In my first pregnancy, I did not do the first trimester screening (nuchal/ultrasound). At the time, I think it was the right decision for me. I simply didn’t want any mixed feelings about the pregnancy. I already knew I wanted to carry it to term regardless of a Down Syndrome or other diagnosis, and I wanted to live fully in the newly pregnant bliss.
How serious were we about keeping the little one swathed in secrecy? We also declined to find out the sex when we had our first and only ultrasound in the second trimester. Perhaps it was a little naive, but I figured women had been having more or less “blind” births for some time and been doing fine.
This time around, however, feels different. First, I understand the depth of love a parent has for his or her own child. That kind of love is really a mystery until you have a baby, but once you do, you realize that there’s nothing that can be “wrong” with your child that will change your love for him or her.
Having the knowledge of unconditional love, I also have the knowledge of how incredibly difficult it is to raise a child (those first three months still haunt me!). I imagine that raising a child who has a physical or mental disability would be even more difficult, and I wanted to be ready for it–or at least the possibility. Instead of being scared, I would be prepared.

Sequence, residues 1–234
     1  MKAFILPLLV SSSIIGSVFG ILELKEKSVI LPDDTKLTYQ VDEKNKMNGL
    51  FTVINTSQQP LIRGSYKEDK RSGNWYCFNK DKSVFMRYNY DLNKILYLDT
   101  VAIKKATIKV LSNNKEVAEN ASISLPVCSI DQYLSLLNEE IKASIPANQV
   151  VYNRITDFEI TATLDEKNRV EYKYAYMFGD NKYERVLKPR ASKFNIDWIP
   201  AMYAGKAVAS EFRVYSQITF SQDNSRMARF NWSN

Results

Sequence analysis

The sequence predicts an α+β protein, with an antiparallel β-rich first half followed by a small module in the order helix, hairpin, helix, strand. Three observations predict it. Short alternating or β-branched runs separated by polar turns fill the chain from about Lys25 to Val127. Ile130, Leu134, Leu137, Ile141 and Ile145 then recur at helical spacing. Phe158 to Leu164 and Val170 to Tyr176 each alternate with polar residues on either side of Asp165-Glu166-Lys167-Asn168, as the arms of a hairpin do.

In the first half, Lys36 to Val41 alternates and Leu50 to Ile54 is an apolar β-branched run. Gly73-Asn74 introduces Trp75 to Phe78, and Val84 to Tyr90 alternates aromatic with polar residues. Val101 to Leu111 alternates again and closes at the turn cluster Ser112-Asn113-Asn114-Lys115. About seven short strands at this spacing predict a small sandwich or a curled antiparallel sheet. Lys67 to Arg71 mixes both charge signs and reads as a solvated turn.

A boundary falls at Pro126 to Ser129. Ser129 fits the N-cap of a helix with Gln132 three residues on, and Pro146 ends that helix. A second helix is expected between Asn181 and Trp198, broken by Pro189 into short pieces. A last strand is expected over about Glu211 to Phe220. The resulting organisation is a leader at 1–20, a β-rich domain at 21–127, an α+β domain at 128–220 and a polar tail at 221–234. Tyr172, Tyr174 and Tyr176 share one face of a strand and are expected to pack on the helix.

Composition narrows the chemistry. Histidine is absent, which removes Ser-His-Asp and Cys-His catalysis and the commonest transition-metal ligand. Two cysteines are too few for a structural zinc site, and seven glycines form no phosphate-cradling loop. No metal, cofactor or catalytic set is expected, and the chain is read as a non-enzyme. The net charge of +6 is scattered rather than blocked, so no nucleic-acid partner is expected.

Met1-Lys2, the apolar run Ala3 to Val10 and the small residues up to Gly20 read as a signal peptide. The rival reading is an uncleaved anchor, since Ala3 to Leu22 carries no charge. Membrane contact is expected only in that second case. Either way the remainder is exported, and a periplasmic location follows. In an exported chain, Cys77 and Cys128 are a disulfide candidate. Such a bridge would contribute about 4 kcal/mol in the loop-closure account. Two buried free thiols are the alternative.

As well, I’m now in the over 35 danger zone. Not sure how many of you out there have delivered one child in the under 35 bracket and another in the over 35, but even my midwife–who last time had not seemed bothered by my skipping the first trimester screening ultrasound–recommended I go this time. The attitude is markedly different when you cross the 35 threshold.
And so I went. An hour in the waiting room even though I had the first appointment of the morning. More than an hour of being poked, prodded, shaken, jiggled, turned on my side, handed glasses of cold water. This baby did NOT want to be in the proper position. Finally the ultrasound technician got what she wanted. And we are in the clear, which, of course, is a sigh of relief. And I got the resulting amusing photo of my baby doing a headstand.
I’m wondering if other woman have made a switch in attitude on the first trimester screening from first to second babies–maybe you went the other way around? I’d love to hear your thoughts and reasoning.